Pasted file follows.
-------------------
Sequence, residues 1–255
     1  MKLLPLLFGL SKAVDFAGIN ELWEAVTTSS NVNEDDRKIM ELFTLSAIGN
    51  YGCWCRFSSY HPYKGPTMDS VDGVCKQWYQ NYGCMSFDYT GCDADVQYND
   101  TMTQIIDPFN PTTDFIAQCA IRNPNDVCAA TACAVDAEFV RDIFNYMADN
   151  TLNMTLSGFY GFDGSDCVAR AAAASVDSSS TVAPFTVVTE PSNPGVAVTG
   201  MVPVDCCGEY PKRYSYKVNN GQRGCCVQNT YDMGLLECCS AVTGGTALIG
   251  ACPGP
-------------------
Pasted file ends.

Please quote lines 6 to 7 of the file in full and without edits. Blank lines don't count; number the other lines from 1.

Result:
   201  MVPVDCCGEY PKRYSYKVNN GQRGCCVQNT YDMGLLECCS AVTGGTALIG
   251  ACPGP